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Green Cards Are Available for Spouses and Children of Permanent Residents
What are Numerical Limitations on Visas, and What Do They Mean for Me?
Every year, the United States only issues a fixed, predetermined number of Visas in each category for each country. The exception to the rule is made for spouses, children and parents of U.S. citizens – categorized in the immigration law as “immediate relatives… ” That unfortunately, means the spouses and children of Permanent Residents are subject to numerical restrictions.”
These numerical restrictions mean that even after your application for an immigrant visa is approved, you may have to wait in line to actually receive a visa.
Without the visa, even if your application for a visa was approved, you will not be able to enter the United States, if you are outside the United States. You will also not be able to apply for Permanent Residency (sometimes referred to as a Green Card). If you have a temporary status in the United States – for example, a visitor’s visa – your approved visa application will not give you permission to stay in the United States once your other status expires.
The length of the waiting period for a visa depends on the basis of your application and your country of origin.
I’m the Spouse or Child of a Permanent Resident. Will I Have to Wait in Line for a Visa?
If you apply soon, you will not need to wait in line for a visa.
Each month, the Department of State and Immigration announce information about the visa availability for the next month. They have now posted the visa availability for January 2021 and February 2021.
As of January and February 2021, the Department of State has authorized visas for all qualified applicants who are the spouses and children of U.S. Permanent Residents. This bulletin means that there is not currently a waiting list for visa availability in these categories. Therefore, spouses and children of U.S. permanent residents can apply for an immigrant visa and for a green card simultaneously. They will not have to wait for an immigrant visa to become available before applying for a green card, and they will be able to remain in the United States while their application is pending, because immigrant visas are available now.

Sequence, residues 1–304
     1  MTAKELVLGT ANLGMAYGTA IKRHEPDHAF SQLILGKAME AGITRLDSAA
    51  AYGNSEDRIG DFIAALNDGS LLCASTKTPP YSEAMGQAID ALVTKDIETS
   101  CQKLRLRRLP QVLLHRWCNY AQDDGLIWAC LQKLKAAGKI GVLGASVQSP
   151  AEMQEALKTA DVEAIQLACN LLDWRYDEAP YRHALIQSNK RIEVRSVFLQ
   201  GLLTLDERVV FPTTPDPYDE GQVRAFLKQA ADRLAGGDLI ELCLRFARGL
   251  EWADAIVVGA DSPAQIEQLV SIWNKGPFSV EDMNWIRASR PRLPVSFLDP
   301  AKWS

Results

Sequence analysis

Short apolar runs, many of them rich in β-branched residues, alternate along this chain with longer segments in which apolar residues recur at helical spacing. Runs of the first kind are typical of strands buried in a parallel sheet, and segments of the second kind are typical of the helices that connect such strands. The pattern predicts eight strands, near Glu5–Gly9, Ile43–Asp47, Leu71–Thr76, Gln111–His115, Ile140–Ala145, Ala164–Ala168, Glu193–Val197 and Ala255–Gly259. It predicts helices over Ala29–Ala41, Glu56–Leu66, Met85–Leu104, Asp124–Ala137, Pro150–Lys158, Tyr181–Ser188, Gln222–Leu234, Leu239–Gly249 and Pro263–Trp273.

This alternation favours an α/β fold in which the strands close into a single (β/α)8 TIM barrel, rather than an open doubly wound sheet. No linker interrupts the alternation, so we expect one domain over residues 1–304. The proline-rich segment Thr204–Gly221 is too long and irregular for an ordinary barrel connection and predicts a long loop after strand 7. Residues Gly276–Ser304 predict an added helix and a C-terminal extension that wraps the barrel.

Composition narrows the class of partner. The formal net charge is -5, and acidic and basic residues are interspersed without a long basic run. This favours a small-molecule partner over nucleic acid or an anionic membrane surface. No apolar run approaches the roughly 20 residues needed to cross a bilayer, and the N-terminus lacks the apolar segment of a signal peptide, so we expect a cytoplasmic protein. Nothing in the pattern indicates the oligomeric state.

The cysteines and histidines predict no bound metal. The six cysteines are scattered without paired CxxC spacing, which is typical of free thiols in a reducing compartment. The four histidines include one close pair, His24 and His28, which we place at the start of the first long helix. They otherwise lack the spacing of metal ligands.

To qualify, you must be legally in the United States, and you must be the spouse or child of a lawful permanent resident. To count as a “child” of a lawful permanent resident, you must be under the age of 21, and you must be unmarried.
I Think I’m Eligible to Apply for a Green Card. What Do I Do Now?
You can make an appointment with Attorney Jon Wu for help completing your application. Completing paperwork and gathering supporting documents may take some time, so if you think you are eligible, don’t hesitate to begin the application process!
Will I Still Be Able to Apply After February?
The Department of State will post their visa bulletin for March in mid-February. This visa bulletin will indicate whether visas are still available for spouses and children of Lawful Permanent Residents, or not.
Therefore, this opportunity may not be available in March. Applicants in March may ultimately need to wait in line for a visa.
I’m the Spouse or Child of a U.S. Citizen, not a Lawful Permanent Resident. Does This News Apply to Me?
If you are the spouse or child of a U.S. citizen, you are not ever subject to numerical limitations on visas. If you are lawfully in the United States, you may simultaneously apply for an immigrant visa and a green card, regardless of the number of visas that have been issued this year.
I’m Planning to Apply for an Immigrant Visa in a Different Category. Can I Also Apply for a Green Card?
You can consult the Department of State website for the most current information on your individual category, or you can make an appointment with Attorney Jon Wu for help understanding your options. However, each category has its own number of designated visas, so the status of spouses and children of lawful permanent residents will not affect your case if you are applying in a separate category.